Transcranial Direct Current Stimulation, or tDCS, is a form of non-invasive brain stimulation use to increase neural activity in some areas of the brain and reduce activity in other neural locations. It is designed to deliver electrical stimulation to directed areas of the brain using electrodes attached externally to the scalp. It has been tested and used to balance cortical excitability. Transcranial Direct Current Stimulation has proven to be a valuable instrument for identifying and studying the connection between the brain and its behavior relative to cognitive, motor, and social functions and values.
Potentially, Transcranial Direct Current Stimulation will be used to modify behavior, precipitate learning, and increase task-related performances. Research on tDCS speculates that the weak electrical impulses can help increase brain function related to specific tasks and help create new neural connections. By administering electrical pulses to the frontal brain, tDCS can be used to treat depression, anxiety, PTSD and addiction.
What is Transcranial Direct Current Stimulation used as treatment for?
Primary research for tDCS has been done to show that it has great effect on mental health disorders such as depression, anxiety, PTSD and addiction. More research is currently in action to further determine its efficacy in other disorders such as Parkinson’s, Alzheimer’s, aphasia, epilepsy, chronic pain and schizophrenia.
Transcranial Direct Current Stimulation is an approved treatment in UK, Australia, EU, and Mexico for Major Depressive Disorder. In studies on a healthy population, Transcranial Direct Current Stimulation has shown to be effective for modulating behavior and increasing learning abilities. The greatest benefits of tDCS have been for depression. Transcranial Direct Current Stimulation can be used to increase positive moods. Active stimulation has also been shown positive responses to tDCS treatment over extended applications of medication.
Are there benefits to tDCS?
Transcranial Direct Current Stimulation is non-invasive, relatively easy to administer, and sends low intensity currents which adds greater benefit to this type of neural stimulation. By placing electrodes externally, this tDCS can be administered by the professional clinicians and therapists at Hacienda Paradiso.
Research for Transcranial Direct Current Stimulation has shown its ease of use, weak electrical stimulation, and non-invasive procedure makes it an appropriate candidate for the treatment of additional disorders.
There have been some noted minor side effects affecting the areas where electrodes have been placed, including itchiness, redness, and tingling. An additional side effect that has been documented is moderate fatigue. Most side effects disappear immediately after stimulation has ended.
Types of Stimulation
There are two types of tDCS stimulation, anodal and cathodal. Anodal stimulation acts to excite activity in targeted areas of the brain. Cathodal stimulation is an inhibitor that can be used to reduce certain neural activity.
Electrodes are placed on different parts of the scalp associated with different areas of the brain. Typically, two electrodes are placed “bihemispherically” to stimulate one part of the brain and dissuade the other area, working in parallel cortices.
Anodal stimulation has been shown to enhance positive facial recognition and a decrease in negative aggressive behavior and may have faster reaction times. It has also been connected to executive cognitive functions and tasks, and higher-level cognitive functions. Cathodal stimulation has been noted to improve automatic learning functions of the brain by suppressing specific memory activity.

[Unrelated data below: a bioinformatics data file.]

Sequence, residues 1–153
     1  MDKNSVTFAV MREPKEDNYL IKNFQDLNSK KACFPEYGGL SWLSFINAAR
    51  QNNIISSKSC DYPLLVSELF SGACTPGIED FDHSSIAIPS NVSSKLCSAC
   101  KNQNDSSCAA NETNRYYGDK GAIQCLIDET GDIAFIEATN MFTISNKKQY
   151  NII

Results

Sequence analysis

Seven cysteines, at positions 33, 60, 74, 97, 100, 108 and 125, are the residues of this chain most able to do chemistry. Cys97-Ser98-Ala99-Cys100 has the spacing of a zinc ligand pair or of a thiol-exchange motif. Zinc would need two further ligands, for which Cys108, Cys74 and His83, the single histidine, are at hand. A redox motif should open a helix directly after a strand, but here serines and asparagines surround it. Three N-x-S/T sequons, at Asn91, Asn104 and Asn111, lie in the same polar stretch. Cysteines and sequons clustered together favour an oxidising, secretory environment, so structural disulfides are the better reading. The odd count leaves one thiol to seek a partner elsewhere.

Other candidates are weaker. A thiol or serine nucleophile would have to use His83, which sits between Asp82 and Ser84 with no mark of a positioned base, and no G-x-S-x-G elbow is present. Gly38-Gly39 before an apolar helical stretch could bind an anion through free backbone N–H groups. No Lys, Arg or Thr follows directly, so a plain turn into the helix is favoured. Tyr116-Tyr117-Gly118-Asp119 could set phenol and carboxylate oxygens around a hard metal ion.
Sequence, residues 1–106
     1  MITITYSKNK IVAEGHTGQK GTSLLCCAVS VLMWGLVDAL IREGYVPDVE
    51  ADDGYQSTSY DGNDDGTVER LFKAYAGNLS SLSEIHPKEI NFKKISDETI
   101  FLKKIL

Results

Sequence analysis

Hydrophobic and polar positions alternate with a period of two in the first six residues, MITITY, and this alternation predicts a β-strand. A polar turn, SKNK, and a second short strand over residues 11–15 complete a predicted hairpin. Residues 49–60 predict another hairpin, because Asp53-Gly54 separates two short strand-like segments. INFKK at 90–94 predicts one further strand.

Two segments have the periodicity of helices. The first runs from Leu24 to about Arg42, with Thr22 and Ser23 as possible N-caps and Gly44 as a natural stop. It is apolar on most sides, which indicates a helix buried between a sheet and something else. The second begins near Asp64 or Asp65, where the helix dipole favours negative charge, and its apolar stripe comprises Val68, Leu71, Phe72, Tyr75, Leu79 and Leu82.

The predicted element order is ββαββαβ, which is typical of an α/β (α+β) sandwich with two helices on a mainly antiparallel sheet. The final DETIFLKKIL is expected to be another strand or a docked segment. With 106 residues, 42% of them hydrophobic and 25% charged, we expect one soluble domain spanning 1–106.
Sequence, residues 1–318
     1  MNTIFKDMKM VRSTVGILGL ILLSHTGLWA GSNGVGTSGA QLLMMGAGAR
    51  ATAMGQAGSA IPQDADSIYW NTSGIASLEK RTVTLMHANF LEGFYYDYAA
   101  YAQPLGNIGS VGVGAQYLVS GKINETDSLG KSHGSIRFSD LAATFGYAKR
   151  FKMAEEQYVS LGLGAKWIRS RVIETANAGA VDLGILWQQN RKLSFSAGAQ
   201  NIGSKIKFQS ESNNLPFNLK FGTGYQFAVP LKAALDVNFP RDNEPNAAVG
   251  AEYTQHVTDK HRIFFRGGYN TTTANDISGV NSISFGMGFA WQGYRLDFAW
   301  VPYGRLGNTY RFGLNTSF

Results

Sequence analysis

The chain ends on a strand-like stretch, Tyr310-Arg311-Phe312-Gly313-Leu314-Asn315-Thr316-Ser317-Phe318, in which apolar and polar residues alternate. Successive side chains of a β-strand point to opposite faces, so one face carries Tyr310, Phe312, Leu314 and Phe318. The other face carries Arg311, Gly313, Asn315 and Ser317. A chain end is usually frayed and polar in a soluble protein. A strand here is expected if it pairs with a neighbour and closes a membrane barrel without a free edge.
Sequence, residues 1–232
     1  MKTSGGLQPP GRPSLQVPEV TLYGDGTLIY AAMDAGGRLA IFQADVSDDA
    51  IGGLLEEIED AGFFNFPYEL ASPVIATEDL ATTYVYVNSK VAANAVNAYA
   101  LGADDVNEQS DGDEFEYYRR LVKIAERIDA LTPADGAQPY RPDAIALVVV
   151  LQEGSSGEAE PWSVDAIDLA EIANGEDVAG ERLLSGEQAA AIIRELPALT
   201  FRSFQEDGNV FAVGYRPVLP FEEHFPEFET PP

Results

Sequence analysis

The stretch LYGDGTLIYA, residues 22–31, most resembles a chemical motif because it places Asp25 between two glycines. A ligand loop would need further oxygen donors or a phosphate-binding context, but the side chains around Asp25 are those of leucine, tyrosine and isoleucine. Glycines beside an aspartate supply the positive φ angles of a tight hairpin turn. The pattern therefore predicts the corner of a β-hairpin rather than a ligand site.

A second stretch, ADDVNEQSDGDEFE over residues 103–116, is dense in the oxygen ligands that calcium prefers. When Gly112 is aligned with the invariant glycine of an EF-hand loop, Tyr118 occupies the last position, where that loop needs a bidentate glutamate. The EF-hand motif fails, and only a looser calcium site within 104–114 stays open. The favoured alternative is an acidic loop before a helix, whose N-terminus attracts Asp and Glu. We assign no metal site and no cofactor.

Transcranial Direct Current Stimulation (tDCS) vs Transcranial Alternating Current Stimulation (tACS)
Much like tDCS, Transcranial Alternating Current Stimulation uses electrical pulses to stimulate areas of the brain. Instead of using electrodes in specific areas on the scalp, tACS uses a larger electrode to send alternating electrical synapses. Transcranial Direct Current Stimulation has been shown to reduce neural activity after stimulation has ended, whereas, Transcranial Alternating Current Stimulation has shown results during stimulation.
tACS can also be used to treat a variety of different conditions like Alzheimer’s, depression, and schizophrenia, similar to tDCS, but further research is necessary to continue validating the stimulation’s results.
Positive benefits in behavior modification
Transcranial Direct Current Stimulation is a non-invasive option for brain stimulation that could have positive benefits in behavior modification. Current studies have shown positive improvements with minor risk for adverse side effects beyond irritation from electrode placement. The placement of electrodes will be an essential part of determining which parts of the brain will be stimulated and which disorders will be able to be treated.
As a revitalized study of an older technology, observations on Transcranial Direct Current Stimulation are being noted about the possibility of therapeutic benefits for a number of disorders. The relatively low risks make the benefits of enhanced stabilized moods, improved cognitive processes, and reduced negative neural paths even greater. While some research and applications of Transcranial Direct Current Stimulation is still investigational, depression, anxiety, PTSD and addiction have seen the most benefit and advancement.
If you or a loved one is struggling with mental health concerns or addiction, contact our friendly therapeutic team for more information on the range of affordable treatments available at Hacienda Paradiso.